A Manitoba chief says he continues to be disappointed in the services being offered to First Nations citizens by an airline that travels to several remote and northern communities, because he said he believes the way the airline is being run does not work for the needs of First Nations people.
“The policies they have in place are not conducive to the demographics of our people,” Manto Sipi Cree Nation Chief Michael Yellowback said last week about Manitoba-based airline Perimeter Aviation, which is currently owned by the Exchange Income Corporation, and services more than a dozen First Nations communities.
Yellowback, the Chief of Manto Sipi, a fly-in community located in northeastern Manitoba, made the comments last Friday at the Assembly of Manitoba Chiefs (AMC) Chiefs-in-Assembly Annual General Meeting. (AGM)
Yellowback also put forth a motion at the AGM last week that was passed asking for changes to be made to service levels at the airline. The resolution states that several policies in place at the airline have been causing confusion and frustration for First Nations passengers.
According to Yellowback, the airline has been moving towards more cashless payment options, and he said that is a big issue for some who may not have a debit or credit card.
“Cashless policies they have implemented have really affected our Elders, and individuals on a fixed income are impacted because some of them don’t even have bank accounts,” he said.
“For many cash is often a preferred option to pay.”
The resolution also states there has been ongoing frustration with flight delays and cancellations because of the dangers those delays can cause for some First Nations people.
“There has been a number of concerns raised regarding the services provided by Perimeter Aviation, including delays and/or cancellations of flights where First Nations people have seen delays in medical appointments, or delays in receiving medical treatments or supplies,” the resolution states.
According to Yellowback, the current weight restrictions for luggage is also an ongoing issue for First Nations people, because he said those whose bags are too heavy are being forced to pay more to have their luggage shipped, and many can’t afford those additional costs.
“These baggage policies where only 70 pounds is allowable are not working for our communities, because even if you’re over by a few pounds they are going to charge you more,” Yellowback said.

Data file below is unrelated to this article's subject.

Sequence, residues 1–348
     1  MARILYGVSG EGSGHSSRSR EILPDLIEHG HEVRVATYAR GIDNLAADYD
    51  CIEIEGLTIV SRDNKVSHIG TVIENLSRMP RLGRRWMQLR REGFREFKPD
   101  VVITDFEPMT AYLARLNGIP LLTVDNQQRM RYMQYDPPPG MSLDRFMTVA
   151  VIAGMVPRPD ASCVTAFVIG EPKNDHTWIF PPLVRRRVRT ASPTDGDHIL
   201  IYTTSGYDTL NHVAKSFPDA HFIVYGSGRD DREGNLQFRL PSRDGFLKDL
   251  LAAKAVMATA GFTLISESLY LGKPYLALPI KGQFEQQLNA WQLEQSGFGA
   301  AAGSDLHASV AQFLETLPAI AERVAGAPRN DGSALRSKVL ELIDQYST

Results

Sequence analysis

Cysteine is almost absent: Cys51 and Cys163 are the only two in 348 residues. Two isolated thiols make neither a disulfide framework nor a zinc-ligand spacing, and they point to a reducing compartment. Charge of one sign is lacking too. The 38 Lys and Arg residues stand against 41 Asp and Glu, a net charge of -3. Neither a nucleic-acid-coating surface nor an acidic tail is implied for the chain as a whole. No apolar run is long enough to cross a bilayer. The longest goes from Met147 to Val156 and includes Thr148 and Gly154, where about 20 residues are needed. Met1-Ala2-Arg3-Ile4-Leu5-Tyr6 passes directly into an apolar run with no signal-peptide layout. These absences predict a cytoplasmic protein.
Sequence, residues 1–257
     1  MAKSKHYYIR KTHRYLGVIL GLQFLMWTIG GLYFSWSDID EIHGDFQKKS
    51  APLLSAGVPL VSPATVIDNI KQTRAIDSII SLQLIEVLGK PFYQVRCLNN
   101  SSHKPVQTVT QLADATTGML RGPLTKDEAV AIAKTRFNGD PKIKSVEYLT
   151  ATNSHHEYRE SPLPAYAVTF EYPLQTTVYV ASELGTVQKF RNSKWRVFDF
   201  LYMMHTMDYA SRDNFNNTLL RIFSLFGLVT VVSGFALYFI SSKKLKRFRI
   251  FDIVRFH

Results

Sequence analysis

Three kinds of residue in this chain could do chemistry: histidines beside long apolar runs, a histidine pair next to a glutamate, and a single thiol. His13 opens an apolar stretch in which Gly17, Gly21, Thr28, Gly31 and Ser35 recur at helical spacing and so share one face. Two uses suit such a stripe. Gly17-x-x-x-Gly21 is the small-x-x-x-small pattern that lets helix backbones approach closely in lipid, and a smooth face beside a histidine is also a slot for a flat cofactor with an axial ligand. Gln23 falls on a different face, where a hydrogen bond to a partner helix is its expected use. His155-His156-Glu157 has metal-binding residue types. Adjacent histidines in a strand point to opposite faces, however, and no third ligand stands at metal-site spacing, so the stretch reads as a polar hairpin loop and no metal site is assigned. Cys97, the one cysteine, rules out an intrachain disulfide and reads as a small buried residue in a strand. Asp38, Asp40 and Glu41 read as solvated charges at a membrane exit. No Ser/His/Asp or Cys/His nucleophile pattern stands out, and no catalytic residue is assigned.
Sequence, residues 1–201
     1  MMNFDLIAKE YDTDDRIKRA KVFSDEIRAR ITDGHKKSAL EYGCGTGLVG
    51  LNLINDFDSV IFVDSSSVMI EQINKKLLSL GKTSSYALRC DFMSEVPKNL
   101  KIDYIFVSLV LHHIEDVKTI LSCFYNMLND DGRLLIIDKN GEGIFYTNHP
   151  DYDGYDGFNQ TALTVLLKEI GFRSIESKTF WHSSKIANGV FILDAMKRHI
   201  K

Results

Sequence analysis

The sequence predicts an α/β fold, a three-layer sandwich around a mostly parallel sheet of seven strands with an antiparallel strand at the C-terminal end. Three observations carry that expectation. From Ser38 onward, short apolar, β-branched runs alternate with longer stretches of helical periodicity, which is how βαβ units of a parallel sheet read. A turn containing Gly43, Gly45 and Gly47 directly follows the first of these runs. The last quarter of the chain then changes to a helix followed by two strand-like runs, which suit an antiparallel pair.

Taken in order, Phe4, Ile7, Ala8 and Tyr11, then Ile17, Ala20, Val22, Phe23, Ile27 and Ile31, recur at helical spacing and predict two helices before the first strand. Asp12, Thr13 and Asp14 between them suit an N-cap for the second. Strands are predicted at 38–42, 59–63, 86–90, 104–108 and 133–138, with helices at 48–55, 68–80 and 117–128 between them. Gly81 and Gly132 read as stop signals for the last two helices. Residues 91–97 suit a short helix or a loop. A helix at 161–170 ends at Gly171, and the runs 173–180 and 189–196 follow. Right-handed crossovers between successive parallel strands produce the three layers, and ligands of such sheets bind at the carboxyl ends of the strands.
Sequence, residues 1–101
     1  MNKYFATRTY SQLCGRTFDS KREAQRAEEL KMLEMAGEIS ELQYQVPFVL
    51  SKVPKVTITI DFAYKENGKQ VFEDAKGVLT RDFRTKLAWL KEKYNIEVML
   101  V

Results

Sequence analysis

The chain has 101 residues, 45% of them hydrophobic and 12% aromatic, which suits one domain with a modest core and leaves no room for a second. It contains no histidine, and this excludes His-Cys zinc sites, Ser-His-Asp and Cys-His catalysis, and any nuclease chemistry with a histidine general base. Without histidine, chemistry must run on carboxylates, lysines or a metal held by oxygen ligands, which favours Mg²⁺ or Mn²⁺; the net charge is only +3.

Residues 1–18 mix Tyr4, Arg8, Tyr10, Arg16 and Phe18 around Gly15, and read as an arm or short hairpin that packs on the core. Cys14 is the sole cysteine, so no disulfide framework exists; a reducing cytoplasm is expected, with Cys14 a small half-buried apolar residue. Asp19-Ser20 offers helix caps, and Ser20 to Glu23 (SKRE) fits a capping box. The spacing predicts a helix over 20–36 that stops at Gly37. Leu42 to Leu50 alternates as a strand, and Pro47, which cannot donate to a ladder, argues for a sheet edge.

“And that’s not right, especially for the people who are on a fixed income and those who are elderly.”
Yellowback says he and other First Nations leaders hope to work with Perimeter Aviation to see changes made.
“We want to hold them accountable. and that is why we have this resolution,” he said. “We want to shed light about the issues with the air carrier up north.”
Perimeter Aviation president and CEO Joey Petrisor, sent a statement to the Winnipeg Sun on Tuesday, and although he said he has not yet received any official correspondence from AMC regarding the resolution, he defended the airline’s efforts and record when it comes to working with and serving First Nations customers.
“In our pursuit of cultural sensitivity, understanding and inclusivity, Perimeter Aviation has instituted comprehensive cultural sensitivity training for all our staff,” Petrisor said.
“This training ensures that every member of our team is well-equipped to provide respectful and considerate service to passengers from diverse backgrounds and communities.”
Petrisor said the airline also recently introduced Passenger Experience Supervisors who work directly with customers in northern and remote communities.
“This role is designed to ensure that the unique needs and preferences of our northern passengers are thoroughly understood and met,” Petrisor said.
Petrisor also defended Perimeter Aviation’s baggage policies.
“Our baggage allowances and freight capacities rank among the highest in the industry, aligning with the standards upheld by regional carriers across the nation,” he said.
Petrisor added that Perimeter Aviation has been and will continue to be focused on initiatives that promote reconciliation, and build relationships with First Nations people and communities.
“Recognizing the importance of reconciliation, we contribute to the National Day for Truth and Reconciliation through initiatives such as providing travel arrangements, tickets, and accommodations for over 1,000 youths and adults from Manitoba, Northwest Ontario, and Nunavut, who attend the Winnipeg Blue Bombers football game during the Orange Shirt Day weekend,” Petrisor said.
“We place a strong emphasis on inclusivity and accessibility in our services.”
— Dave Baxter is a Local Journalism Initiative reporter who works out of the Winnipeg Sun. The Local Journalism Initiative is funded by the Government of Canada.
Dave Baxter, Local Journalism Initiative Reporter, Winnipeg Sun